Soros trumps Exxon in battle over payments to foreign governments

A divided Securities and Exchange Commission (SEC) approved regulations Wednesday that will force oil and mining companies to disclose payments to foreign governments.

The 2-1 SEC vote for the rules caps a two-year, behind-the-scenes battle that pitted oil companies like Exxon against human-rights groups and their allies like George Soros and Bill Gates.

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The rules, which were required under the 2010 Dodd-Frank financial reform law, do not appear to contain several provisions that the oil industry sought, including exemptions from the SEC filing mandate if foreign governments prohibit the disclosure.

The law forces SEC-listed oil, natural gas and mining companies to reveal payments to governments related to projects in their countries, such as money for production licenses, taxes, royalties and other aspects of energy and mineral projects.

It’s aimed at increasing transparency to help undo the “resource curse,” in which some impoverished countries in Africa and elsewhere are plagued by high levels of corruption and conflict alongside their energy and mineral wealth.

The SEC estimates that the rule will carry initial industry-wide compliance costs of up to $1 billion, with annual costs in the $200 million to $400 million range thereafter.

Democratic SEC members Elisse Walter and Luis Aguilar voted for the rule, while GOP member Daniel Gallagher opposed it. SEC Chairwoman Mary Schapiro and member Troy Paredes were recused from the proceeding.

Aguilar, in backing the rule, quoted the late Supreme Court Justice Louis Brandeis's saying that “sunlight is the best disinfectant.” The rule’s backers said it would also help investors by giving them more information.

But Gallagher slammed the rule, arguing that it will impose competitive burdens.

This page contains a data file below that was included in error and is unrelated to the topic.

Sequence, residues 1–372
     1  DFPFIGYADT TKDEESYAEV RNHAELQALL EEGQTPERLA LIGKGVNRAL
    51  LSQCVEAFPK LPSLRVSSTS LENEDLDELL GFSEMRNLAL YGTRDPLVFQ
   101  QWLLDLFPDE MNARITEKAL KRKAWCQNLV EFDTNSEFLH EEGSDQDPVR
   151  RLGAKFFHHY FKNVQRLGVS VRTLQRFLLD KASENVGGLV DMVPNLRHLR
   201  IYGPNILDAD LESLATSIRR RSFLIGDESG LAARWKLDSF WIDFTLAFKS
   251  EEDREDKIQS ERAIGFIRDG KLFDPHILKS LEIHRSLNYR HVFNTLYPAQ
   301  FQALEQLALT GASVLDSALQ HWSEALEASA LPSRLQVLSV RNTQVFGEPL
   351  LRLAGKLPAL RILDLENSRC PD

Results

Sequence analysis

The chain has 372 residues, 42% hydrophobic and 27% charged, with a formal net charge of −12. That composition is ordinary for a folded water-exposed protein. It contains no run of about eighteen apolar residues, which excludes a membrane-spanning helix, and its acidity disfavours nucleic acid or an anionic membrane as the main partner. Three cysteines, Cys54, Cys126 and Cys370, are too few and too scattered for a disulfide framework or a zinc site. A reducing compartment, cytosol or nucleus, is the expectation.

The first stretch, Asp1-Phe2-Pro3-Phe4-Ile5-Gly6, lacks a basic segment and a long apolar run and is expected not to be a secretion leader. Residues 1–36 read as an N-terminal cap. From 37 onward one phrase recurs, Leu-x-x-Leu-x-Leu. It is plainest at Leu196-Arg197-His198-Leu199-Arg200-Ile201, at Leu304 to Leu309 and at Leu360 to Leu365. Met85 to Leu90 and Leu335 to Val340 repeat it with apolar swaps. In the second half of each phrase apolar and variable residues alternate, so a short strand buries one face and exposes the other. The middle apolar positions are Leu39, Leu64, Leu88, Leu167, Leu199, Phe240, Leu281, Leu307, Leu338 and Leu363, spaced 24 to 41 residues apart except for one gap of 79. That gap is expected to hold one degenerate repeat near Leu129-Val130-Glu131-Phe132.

He said he supports the goal of helping the public in poor energy-producing nations, but argued that an SEC rule is a suspect way to achieve social and foreign-policy goals.

“The SEC just isn’t the right tool for this type of social policy exercise,” he said, arguing the rule is a “very indirect route” to making foreign governments more accountable to their people.

The rule drew a cautious cheer from Oxfam America, which has pushed for the mandates alongside groups like the Revenue Watch Institute, Global Witness and the broader Publish What You Pay coalition.

“While we welcome the SEC’s rules that will finally bring section 1504 into effect, the devil is in the details,” said Ian Gary, a senior policy manager with Oxfam America, referring to the numerical provision in Dodd-Frank that mandates the rule.

“We’re in the process of thoroughly analyzing the rules to determine whether they adhere to the statutory requirements and congressional intent,” he said.

The final regulation drew a sharp rebuke from the oil industry.

“This unilateral approach to revenue disclosure will harm the U.S. economy. U.S. firms could lose business, U.S. jobs might not be created and potential revenue to our government could be lost,” said John Felmy, the chief economist with the American Petroleum Institute (API).

He said the disclosures will give foreign oil-and-gas companies access to confidential, proprietary information. Oil and mining companies and trade groups such as API, Exxon and Shell have strongly criticized the rules, which have been under development at the SEC for two years.

They allege the regulation will hand a competitive advantage to state-owned companies like Russia’s Gazprom and the China National Petroleum Co. that aren’t bound by the mandates.

The industry has pushed for leeway in the reporting requirements and a number of exemptions, but the SEC cast aside its push for several exemptions.

API, for instance, had pushed for provisions that keep the project-level disclosures by companies confidential, arguing the SEC should only make public a compilation of total industry payments by country.

The rule does provide companies some discretion by omitting a specific definition of the word “project” — an SEC fact sheet on the rule says this will give companies “flexibility in applying the term to different business contexts.”

However, an SEC staff member said the term “project” is meant to be more “granular” than simply a company’s overall operations in a given country.

The SEC estimates that the rule will apply to about 1,100 companies. It requires disclosure of payments equal to or above $100,000 during the most recent fiscal year.

It will cover years beginning in fiscal 2014, according to the SEC. Click here, here and here for more of E2-Wire's earlier coverage of the rule.

— This story was updated at 2:21 p.m. with the SEC's projected costs for complying with the rules.

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